I began thinking seriously about economic theory in 2013 when there seemed to be no coherent, widely accepted theory of money. If the experts can’t agree [I thought], maybe my advancing experience and insight can be shared in a constructive manner.
I left the University of Idaho in 1959 with an Agricultural Engineering degree to serve in the U.S. Navy as a line officer. After 3 years of sea duty, I left the Navy to begin farming and pursued that career for 51 seasons. During those 51 years, I had the good fortune to serve on a local electric utility board for 42 years and on the Energy Northwest board of directors for over 30 years in many roles.
My early training, coupled with over 60 years experience with a ham radio license and over 15 years with a home built seismometer, reflects my proclivity toward science based thought patterns.
Years of farming and public life as an elected official presented economic challenges on many fronts. Each challenge presented an integration requirement to find consistent, non-contradicting, socially and economically acceptable, patterns. One of the most consistent recognizable patterns was that one person’s gain is usually another’s loss. The only consistently acceptable solution was shared responsibility, with shared gains and shared losses when forward disadvantage was unavoidable.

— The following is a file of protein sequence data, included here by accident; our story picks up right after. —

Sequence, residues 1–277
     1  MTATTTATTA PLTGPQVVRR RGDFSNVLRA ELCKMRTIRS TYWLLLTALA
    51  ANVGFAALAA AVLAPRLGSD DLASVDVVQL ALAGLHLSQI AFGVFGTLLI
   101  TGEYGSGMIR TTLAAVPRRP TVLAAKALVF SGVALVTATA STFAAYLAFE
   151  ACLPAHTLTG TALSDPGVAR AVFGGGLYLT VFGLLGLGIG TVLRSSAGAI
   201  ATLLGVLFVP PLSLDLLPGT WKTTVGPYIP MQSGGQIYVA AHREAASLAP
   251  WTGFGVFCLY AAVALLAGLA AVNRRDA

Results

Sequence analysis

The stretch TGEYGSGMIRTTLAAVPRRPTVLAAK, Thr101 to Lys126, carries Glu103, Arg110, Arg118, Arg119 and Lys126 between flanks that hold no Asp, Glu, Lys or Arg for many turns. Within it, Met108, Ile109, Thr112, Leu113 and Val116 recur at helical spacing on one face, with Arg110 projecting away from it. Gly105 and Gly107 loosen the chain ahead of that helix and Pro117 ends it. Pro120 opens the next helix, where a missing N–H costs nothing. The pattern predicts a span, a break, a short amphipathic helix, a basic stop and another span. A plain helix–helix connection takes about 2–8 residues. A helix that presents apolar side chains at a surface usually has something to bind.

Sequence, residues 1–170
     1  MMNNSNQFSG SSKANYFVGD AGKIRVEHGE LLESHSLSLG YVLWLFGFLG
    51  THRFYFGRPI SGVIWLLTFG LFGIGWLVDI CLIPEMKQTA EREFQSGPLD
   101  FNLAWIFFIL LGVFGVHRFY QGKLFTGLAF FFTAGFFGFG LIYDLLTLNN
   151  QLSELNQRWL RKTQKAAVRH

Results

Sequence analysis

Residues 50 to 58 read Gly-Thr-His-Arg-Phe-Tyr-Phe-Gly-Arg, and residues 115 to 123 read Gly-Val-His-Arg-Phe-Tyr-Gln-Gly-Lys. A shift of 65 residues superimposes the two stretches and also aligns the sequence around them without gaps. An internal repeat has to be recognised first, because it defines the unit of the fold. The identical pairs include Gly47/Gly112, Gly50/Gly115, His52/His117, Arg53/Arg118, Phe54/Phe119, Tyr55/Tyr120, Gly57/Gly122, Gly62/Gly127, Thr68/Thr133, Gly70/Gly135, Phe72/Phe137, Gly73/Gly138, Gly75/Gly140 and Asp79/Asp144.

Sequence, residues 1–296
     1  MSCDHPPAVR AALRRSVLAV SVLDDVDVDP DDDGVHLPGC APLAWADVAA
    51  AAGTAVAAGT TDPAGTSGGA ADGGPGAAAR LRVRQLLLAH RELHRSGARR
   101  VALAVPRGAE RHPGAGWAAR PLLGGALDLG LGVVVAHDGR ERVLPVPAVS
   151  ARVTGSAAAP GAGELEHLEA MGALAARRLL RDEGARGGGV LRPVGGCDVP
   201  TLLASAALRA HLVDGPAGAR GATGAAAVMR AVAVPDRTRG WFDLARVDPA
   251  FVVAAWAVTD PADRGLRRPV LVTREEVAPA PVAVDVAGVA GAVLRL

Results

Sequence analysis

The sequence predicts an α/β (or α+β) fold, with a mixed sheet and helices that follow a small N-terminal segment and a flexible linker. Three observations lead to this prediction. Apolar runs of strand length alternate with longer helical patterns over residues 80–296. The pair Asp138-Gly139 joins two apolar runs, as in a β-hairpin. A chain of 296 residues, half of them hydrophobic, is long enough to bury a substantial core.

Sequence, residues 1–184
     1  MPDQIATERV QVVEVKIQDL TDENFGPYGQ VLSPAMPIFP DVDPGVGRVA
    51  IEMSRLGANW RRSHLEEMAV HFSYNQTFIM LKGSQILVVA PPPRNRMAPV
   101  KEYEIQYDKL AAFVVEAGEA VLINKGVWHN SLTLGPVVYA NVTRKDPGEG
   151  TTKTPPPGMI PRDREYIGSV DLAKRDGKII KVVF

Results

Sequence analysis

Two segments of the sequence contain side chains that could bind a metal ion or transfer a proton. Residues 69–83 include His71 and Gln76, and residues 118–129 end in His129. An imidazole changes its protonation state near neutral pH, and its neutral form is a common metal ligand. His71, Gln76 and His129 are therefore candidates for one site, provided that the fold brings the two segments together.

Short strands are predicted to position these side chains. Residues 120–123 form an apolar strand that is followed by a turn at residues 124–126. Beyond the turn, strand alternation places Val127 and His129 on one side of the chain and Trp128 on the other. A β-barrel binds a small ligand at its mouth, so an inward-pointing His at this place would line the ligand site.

Decisions eventually became mostly mechanically based. It became easy for me to see that all aspects of economic life are related in a very mechanical way. My blog reflects this mechanical approach.
Please feel encouraged to comment on each of my posts if you feel you can make a constructive contribution. I learn from every comment but constructive comments are the best!
In turn, I hope you can learn something from my experience, ideas, and devotion to finding smooth transitions between competing economic analogies. Perhaps our shared experiences will someday meld into robust economic theory.